Field Evaluation of Blueberry Pruning Techniques
Pruning blueberry bushes is one of the most labor intensive and costly operations in a commercial planting. According to UF/IFAS Publication #HS985, proper pruning of blueberry plants will help obtain the desired plant size and shape, increase plant vigor and establishment of fruiting wood, reduce over-fruiting and enhance size and allow sufficient sunlight penetration into the canopy to assist with proper fruit development. In June 2010, immediately after the first harvest of a central Florida commercial blueberry planting that had been established for approximately 15 months, a trial was initiated to compare a grower standard pruning program to three pruning regimes and an unpruned treatment in two southern highbush cultivars, ‘Jewell’ and ‘Emerald’. The pruning regimes were as follows: roof, where cuts starting at 2 ft were angled to meet at a point approximately 4 ft high in the middle of the row; box, where lateral shoots were cut back to the margin of the pine bark bed and an even top was cut at approximately 3 ft; and hedge, where just the lateral shoots were trimmed back to the outer margin of the pine bark bed and no topping. In ‘Emerald’ only a treatment called severe box, where the lateral shoots were trimmed into the center of the row an additional 6 to 9 inches and even top was cut at approximately 2½ ft was established. The grower treatment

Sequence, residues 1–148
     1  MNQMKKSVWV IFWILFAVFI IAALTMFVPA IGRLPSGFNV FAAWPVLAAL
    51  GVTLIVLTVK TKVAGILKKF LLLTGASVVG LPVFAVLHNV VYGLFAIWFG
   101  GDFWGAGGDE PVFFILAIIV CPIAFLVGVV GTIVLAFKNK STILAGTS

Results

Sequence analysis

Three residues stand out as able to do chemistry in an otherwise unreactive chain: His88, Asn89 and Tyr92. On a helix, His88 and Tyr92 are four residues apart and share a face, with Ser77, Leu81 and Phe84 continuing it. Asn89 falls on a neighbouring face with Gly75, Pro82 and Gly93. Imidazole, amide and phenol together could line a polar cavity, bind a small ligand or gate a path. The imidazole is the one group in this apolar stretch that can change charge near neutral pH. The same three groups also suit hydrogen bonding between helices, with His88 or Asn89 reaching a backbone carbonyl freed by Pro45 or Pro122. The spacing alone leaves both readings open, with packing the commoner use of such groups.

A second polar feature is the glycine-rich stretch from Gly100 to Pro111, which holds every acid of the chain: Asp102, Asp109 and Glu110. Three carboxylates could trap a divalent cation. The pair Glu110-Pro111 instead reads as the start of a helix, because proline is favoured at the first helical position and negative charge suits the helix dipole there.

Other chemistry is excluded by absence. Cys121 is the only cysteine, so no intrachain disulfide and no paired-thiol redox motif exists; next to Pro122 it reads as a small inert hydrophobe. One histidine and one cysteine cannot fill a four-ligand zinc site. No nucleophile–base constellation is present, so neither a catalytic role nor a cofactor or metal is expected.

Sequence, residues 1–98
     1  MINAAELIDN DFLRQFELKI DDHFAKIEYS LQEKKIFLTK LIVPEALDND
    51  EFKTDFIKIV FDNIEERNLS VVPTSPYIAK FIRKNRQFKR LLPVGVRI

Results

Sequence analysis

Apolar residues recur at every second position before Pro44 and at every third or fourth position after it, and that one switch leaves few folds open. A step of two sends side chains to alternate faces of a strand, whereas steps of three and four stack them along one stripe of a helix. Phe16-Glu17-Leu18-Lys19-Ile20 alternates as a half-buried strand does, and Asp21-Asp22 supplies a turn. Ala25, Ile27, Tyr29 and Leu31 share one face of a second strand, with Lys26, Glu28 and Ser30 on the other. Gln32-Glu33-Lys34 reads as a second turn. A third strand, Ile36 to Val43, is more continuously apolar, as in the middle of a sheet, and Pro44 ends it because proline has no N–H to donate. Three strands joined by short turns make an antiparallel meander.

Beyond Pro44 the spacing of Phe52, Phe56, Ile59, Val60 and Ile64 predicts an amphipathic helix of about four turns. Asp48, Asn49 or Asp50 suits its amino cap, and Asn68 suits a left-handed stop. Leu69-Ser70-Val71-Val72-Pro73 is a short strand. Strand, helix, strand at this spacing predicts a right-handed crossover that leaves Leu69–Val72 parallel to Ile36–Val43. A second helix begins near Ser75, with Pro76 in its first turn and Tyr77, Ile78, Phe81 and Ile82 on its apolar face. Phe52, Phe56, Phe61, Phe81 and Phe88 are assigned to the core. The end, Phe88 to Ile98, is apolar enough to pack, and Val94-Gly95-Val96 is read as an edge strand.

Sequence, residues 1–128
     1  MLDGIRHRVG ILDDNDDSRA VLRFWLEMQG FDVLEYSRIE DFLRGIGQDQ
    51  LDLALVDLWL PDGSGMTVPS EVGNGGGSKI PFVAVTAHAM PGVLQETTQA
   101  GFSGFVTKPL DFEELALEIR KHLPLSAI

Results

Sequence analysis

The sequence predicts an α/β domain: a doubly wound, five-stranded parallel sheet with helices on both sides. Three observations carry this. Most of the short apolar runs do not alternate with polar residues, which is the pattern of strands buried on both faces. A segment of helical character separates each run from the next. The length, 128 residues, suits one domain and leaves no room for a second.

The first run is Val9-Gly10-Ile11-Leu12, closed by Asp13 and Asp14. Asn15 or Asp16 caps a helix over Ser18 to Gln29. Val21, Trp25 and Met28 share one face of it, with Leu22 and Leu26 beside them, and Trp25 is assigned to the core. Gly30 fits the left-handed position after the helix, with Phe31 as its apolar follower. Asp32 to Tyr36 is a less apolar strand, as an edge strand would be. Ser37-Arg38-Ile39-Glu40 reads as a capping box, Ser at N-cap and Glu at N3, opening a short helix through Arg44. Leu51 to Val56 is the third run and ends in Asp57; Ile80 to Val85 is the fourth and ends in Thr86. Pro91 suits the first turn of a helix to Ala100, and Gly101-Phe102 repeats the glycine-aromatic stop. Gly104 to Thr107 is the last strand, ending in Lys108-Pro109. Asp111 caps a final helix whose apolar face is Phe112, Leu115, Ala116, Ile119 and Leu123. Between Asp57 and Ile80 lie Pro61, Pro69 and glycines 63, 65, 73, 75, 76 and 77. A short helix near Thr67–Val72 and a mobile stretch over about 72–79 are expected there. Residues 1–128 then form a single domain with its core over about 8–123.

removed approximately 70% of the top growth back to a height of 1½ ft. In Spring 2011 a count of fruitlets from two terminals of four random plants in each treatment revealed that in ‘Emerald’ the roof and severe box were lower than the grower treatment and in ‘Jewell’, only the box had a lower count than the grower treatment. Harvest data will be taken in Apr. 2011.